I come from a family of sleepers. By that I mean that my first nuclear family (where I was one of the kids) really enjoyed sleeping. Particularly my father. Point in fact, I knew him better asleep than awake. Fast-forward a bit to my second nuclear family (where I am now the mother) and there you will find four first-rate sleepers: my husband, myself, my child, our dog. I think we were happiest when we were all sleeping at the same time, and in one bed. 

Fast-forward just a teeny bit to this morning. Currently, my sleep is interrupted every morning at precisely 5:30 a.m. when half of the bed becomes cold and there is a fair amount of rustling and bumping around going on. Until I hear the front door’s familiar snap-shut sound, what I’m doing in bed isn’t what I would qualify as sleeping. At least not with the history of sleeping I have behind me. On some days – and today happens to be one of those days – I toss and turn and positively cannot find back into the dream I was so vividly living. For some, dreaming may just be a nightly hard-drive surface repair and cleaning. I have a hard time signing on for that, so bizarre and intense are the images I have wandered through my entire life – my character fully intact, active and participating – and many of which I have yet to forget.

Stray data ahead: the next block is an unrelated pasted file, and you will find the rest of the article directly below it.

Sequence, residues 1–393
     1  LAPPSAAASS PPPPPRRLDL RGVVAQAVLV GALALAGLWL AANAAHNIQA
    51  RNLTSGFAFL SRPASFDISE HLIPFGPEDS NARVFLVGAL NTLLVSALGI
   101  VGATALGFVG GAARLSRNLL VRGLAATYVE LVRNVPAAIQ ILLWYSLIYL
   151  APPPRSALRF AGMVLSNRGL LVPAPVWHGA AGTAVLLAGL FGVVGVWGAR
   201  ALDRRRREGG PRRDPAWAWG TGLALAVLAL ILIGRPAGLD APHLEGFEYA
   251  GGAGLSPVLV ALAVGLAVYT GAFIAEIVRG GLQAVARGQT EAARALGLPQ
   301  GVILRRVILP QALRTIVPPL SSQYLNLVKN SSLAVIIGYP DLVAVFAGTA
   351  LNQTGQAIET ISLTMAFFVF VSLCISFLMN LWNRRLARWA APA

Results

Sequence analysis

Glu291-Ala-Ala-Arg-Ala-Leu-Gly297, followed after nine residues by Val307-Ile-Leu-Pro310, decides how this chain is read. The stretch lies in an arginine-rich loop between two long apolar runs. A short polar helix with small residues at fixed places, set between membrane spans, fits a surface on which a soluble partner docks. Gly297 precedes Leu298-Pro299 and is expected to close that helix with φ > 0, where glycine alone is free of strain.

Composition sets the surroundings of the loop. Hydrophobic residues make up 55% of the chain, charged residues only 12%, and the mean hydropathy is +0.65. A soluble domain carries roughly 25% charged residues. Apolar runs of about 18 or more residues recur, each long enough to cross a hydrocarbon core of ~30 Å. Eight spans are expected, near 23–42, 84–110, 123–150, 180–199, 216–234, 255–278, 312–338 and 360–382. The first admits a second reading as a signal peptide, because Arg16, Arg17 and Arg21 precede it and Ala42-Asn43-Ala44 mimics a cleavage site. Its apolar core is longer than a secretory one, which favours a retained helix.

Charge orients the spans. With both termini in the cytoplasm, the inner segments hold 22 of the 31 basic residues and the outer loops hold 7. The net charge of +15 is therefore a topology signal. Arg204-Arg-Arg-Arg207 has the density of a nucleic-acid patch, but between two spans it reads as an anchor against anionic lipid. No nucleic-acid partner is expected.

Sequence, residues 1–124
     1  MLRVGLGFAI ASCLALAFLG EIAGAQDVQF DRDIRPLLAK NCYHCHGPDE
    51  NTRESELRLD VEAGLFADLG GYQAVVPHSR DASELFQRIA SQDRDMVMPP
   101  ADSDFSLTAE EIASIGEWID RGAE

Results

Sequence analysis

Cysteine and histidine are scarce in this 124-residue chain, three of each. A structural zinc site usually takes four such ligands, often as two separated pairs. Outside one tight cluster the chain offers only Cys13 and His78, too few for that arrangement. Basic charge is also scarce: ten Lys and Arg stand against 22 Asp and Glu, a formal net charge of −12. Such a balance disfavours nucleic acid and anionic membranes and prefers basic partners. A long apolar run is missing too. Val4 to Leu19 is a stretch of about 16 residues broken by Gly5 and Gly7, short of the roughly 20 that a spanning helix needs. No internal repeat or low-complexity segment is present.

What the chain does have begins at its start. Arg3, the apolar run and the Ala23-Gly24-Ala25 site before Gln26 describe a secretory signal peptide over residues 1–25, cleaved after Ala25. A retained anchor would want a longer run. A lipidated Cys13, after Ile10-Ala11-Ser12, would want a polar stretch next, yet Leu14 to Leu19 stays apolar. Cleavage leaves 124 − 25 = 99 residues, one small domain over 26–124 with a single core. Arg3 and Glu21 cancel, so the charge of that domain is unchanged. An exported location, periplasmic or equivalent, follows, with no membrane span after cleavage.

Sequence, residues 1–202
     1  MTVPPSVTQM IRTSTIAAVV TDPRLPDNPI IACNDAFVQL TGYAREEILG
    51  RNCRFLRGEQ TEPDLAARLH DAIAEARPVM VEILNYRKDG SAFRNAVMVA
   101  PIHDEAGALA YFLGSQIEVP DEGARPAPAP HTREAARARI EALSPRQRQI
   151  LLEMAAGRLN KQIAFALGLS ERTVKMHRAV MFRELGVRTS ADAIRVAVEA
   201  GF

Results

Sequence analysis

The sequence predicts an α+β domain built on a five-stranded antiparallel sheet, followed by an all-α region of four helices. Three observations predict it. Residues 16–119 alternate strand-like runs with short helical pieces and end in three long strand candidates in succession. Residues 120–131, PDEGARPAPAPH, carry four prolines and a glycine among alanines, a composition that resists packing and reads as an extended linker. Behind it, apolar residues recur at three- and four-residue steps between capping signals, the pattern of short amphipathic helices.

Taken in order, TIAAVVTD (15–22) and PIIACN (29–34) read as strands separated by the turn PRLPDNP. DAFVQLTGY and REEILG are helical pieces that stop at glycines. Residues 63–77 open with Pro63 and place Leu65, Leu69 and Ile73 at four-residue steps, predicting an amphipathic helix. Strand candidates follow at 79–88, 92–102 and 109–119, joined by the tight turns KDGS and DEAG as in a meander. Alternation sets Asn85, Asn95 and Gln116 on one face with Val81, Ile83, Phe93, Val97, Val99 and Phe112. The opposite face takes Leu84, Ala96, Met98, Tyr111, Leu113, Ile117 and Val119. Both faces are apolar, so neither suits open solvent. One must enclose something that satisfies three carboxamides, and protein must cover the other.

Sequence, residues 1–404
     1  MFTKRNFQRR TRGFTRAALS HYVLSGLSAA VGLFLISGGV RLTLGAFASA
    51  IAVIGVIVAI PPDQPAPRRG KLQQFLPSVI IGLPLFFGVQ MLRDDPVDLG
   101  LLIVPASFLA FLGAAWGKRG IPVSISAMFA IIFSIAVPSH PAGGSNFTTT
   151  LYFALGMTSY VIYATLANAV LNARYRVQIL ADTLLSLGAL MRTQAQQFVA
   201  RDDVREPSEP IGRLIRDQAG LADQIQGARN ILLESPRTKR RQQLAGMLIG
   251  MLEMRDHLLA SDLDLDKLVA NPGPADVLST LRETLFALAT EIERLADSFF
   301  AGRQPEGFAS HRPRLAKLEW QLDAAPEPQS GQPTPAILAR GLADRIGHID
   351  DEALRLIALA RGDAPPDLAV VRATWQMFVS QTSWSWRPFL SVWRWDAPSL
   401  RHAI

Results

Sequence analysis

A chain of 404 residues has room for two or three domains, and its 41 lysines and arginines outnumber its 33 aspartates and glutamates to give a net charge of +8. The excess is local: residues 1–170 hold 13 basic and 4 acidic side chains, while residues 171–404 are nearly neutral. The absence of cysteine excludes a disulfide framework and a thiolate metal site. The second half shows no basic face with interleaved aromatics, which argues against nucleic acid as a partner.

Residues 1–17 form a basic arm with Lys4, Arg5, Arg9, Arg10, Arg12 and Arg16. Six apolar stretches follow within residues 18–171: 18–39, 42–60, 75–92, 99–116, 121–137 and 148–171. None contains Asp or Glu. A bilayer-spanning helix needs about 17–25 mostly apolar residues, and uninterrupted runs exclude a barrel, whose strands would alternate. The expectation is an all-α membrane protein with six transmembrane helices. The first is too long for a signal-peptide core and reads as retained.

The only really wonderful thing about not being able to get back to sleep is being able to watch the transition from darkness to light that takes place every morning. The transition watched by armies of yogis throughout the centuries, by Lamas and meditators of every color and nationality. A transition that awed us every morning on the rooftop of our sanctuary’s restaurant, overlooking the mountains, on the first and absolutely unforgettable Crete Retreat seminar with my absolutely inimitable yoga teacher. A yoga teacher I miss. And then there is another teacher I miss. And yet another. And a community of friends from these activities that are more absent from my life than not. And this leads to a question I was asked – as a sort of afterthought – by one of these vaporous friends: “What happened to your spirituality?”